The first thing I found out after my book was published was that it was too expensive. Bottom line, price matters. It signals not only what type of book it is, but also what the buyer might get out of it. It can also signal how many copies the publisher is expecting to sell.
So a book to be bought with a child’s pocket money will generally cost less than $5, or better $2.99 and will likely be a small, thin, stapled paperback. That price means that won’t matter too much then if the child scrawls all over it and then “reads” it in the bath, as mine did.
On the other hand, a glossy coffee table book with lots of luscious photographs may fetch more than $100, but let’s bear in mind such a book is generally given as an aspirational gift or to show visitors what fabulous taste one has, so the price is not so much a book price as the tag of a luxury good.
A text book typically is also highly-priced, in part because it saves the student/reader a ton of time that would otherwise need to be spent researching and synethesising information. Students may also perceive that a book will help them get their degree or qualification and so be willing to sacrifice more gold than usual to that god. I know I did, for better or for worse.
Airport novels are on the opposite scale, the commodities of the book world. They’re what people consume when they’re trying not to remember that they’re in a scary plane, or in an even scarier world, the book equivalent of a guiltful chocolate bar, or a hamburger. Most people don’t want to pay more than $10 for a hamburger meal, supersized. To make their profit, traditional publishers will print hundreds of thousands of copies, words tightly packed on paper that’s cheaper than disposable tissue. Perhaps it’s not surprising then that books are the commonest item left on a plane.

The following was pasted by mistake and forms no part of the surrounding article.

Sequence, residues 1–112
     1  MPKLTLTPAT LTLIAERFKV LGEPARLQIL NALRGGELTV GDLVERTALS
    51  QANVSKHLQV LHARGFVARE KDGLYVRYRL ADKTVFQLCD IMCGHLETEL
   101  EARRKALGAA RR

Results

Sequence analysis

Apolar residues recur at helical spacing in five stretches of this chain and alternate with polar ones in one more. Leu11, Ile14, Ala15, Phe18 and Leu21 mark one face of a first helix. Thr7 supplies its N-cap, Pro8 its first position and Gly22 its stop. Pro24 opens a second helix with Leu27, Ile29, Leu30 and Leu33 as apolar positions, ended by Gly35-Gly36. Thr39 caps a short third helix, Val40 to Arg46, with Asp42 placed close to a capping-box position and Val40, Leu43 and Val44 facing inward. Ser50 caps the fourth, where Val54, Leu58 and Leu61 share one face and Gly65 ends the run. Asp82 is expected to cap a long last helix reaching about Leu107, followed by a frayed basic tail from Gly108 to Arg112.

Now it seems unfair that literary books, even those as good for one as curly kale from Wholefoods, do not command greater prices than blockbusters. A quick squizz at amazon shows that Grisham’s latest massmarket blockbuster is $9.99 while Hilary Mantel’s Booker Prize winner is $10.88 for the paperback. This price parity signals that a novel is a novel—books of a certain type should be priced similarly. Yet self-published print books of all types consistently have prices almost double of comparable traditionally published books. Don’t you wonder why this is? I did, but not early enough in the process.
In the last six months, I’ve learned that price is critical not only because it has a direct bearing on whether people will buy (can’t be too high) but also because royalties are derived from this (don’t go too low). Price also matters because of the basis of the discounted prices to authors–for copies we might send to reviewers, or to sell directly at self-organised events.
Many self-publishing companies fix the book’s retail price–you have no say at all–and it’s generally on the high side, mainly because they keep the font size generous and that has a bearing on the number of pages. The longer the book, the higher the price, and they don’t mind how high it is. You see, most of these companies are not really interested in selling millions of copies of your single book–their business model assumes that they will sell just a hundred copies of lots of books, any books. It assumes that the author will buy those first hundred copies and so if they sell more than that, it’s just cream.
It’s important to understand this business model. If you go with a self-publishing company, make sure you have your say on price BEFORE you sign the contract, and, for example, discuss ways to reduce the page numbers. Buyers don’t like paying over the odds for anything, and retail stores won’t stock your book if the price is twice that of comparable books, because their customers won’t buy an expensive book they’ve never heard of. I mean, would you?